Is it right to avoid inheritance tax? And one of my favourite ways to mitigate it.

Is tax theft by the government? I think most people would concede that it isn’t, but rather a necessary means to provide protection of life, property and human intellect. You may think of some other benefits and I’d welcome your comments but in my opinion everything else is a subset of these three. Once we’ve conceded, we are then faced with further questions such as, what is a fair level of taxation? Who should pay it? How should it be paid? And when should it be paid?

If you’ve accumulated assets having already paid various forms of tax, is it then right to have those assets taxed again?

I was listening to Professor Ha-Joon Chang, a political economist at Cambridge University and he made an interesting point although it was in reference to corporate taxation, the principles are similar. You see companies receive an incredible amount of state subsidies in the form of funding the education for the very employees who end up working for them, the development of state infrastructure such as roads, rail, powerlines, broadband and through the provision of a healthcare system and a police force. Therefore, only because the latter is all in place can companies make the sales and profits that they do.

Can the same principles then be applied to assets citizenry own, especially property? Possibly. You see house prices don’t necessarily increase due to the activity of the owner of the property but rather policies of the government, and therefore, is the argument that the government takes a portion of that growth a reasonable one? In the UK, the inheritance tax rate on wealth above £325,000 (ignoring the residential nil rate band) is 40%. I’m not sure how they’ve come up with a figure of 40%, but it doesn’t feel like such policies have made a 40% difference on the growth of one’s asset from the date of purchase. Also note, inheritance tax is not a tax on gain, it’s simply a tax on wealth upon which tax has already been paid.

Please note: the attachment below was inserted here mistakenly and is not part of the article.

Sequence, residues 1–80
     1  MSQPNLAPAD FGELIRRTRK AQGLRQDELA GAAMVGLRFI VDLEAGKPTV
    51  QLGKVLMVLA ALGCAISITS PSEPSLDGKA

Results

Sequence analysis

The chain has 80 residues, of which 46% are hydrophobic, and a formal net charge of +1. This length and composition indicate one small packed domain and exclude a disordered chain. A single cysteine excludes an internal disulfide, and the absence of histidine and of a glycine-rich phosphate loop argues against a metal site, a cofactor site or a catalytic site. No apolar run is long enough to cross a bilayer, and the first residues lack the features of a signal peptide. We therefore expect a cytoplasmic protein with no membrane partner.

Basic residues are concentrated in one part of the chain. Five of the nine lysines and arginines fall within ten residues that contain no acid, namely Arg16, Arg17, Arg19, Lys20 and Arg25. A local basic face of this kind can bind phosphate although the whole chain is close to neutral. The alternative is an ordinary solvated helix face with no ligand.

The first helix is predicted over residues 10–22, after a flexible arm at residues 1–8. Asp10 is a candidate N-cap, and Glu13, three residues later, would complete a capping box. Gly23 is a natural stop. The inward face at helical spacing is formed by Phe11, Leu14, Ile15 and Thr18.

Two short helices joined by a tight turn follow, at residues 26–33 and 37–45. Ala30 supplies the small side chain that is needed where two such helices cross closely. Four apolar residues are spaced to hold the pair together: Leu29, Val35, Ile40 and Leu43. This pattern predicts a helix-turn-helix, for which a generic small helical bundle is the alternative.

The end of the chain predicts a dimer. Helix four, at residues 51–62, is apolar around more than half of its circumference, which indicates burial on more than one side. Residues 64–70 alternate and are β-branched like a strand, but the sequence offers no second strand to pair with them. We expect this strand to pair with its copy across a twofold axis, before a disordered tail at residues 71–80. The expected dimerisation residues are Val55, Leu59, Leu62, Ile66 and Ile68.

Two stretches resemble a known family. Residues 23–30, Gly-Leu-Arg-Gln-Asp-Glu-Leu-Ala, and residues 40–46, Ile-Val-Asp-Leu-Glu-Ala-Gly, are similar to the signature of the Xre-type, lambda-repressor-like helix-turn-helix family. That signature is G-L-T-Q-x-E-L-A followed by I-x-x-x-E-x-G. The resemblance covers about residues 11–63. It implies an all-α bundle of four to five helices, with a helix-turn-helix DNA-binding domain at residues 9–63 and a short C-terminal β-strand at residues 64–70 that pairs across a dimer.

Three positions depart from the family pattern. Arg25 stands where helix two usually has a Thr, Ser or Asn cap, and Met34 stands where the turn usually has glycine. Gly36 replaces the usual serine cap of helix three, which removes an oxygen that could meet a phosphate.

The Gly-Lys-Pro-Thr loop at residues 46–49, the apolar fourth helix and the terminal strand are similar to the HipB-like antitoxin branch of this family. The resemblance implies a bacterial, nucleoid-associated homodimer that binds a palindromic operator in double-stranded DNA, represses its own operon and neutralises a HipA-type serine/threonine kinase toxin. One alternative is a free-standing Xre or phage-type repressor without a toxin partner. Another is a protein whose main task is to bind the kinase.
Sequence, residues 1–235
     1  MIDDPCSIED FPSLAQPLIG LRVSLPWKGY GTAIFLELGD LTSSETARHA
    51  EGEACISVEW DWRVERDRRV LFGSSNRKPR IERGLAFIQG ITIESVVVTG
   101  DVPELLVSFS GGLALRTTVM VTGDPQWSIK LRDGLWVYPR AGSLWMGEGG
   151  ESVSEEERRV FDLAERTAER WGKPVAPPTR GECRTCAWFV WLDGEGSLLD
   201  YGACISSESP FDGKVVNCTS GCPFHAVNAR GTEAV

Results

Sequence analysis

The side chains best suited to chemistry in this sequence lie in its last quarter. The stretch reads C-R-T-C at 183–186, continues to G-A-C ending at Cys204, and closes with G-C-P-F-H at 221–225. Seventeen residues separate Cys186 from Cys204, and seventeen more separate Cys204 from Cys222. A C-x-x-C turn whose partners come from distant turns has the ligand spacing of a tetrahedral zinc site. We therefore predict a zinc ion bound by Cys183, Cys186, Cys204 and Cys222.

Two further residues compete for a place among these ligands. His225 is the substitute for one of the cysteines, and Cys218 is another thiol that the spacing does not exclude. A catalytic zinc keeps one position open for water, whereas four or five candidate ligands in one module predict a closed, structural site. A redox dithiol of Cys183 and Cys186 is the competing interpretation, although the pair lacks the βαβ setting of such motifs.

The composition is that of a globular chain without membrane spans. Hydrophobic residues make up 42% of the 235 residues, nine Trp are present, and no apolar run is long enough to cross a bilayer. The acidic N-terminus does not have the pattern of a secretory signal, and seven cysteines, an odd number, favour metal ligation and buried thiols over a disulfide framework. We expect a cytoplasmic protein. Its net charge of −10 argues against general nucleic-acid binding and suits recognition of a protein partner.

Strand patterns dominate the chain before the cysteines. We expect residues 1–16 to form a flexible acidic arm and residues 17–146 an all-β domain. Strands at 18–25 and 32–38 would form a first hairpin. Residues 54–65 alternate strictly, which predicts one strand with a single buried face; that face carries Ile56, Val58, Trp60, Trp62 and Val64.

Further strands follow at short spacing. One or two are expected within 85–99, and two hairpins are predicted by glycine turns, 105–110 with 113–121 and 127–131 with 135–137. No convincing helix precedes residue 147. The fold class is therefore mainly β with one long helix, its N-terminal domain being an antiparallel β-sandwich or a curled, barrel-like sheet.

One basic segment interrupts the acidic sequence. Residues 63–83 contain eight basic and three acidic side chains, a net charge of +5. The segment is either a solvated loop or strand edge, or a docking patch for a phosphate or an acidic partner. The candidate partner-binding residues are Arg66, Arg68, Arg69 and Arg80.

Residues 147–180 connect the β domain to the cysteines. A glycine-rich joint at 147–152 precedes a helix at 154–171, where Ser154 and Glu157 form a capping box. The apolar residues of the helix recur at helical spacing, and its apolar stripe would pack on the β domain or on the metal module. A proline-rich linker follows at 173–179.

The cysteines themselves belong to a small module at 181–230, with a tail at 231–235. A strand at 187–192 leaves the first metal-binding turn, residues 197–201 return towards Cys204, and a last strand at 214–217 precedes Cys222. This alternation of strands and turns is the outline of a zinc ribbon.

I accept there is merit in the argument for some sort of tax on death, I’m unsure as to whether 40% is a fair charge or whether it’d be fairer to continue to tax the capital gain on one’s assets on death in its stead.

On that note let’s talk about avoiding inheritance tax. Avoiding inheritance tax isn’t a legal problem, evading it is. Evading is when there’s an illegal non-payment or underpayment of inheritance tax, avoiding it, is when you structure your assets in such a manner your assets don’t fall into the inheritance tax regime to the same degree, thereby reducing your tax bill.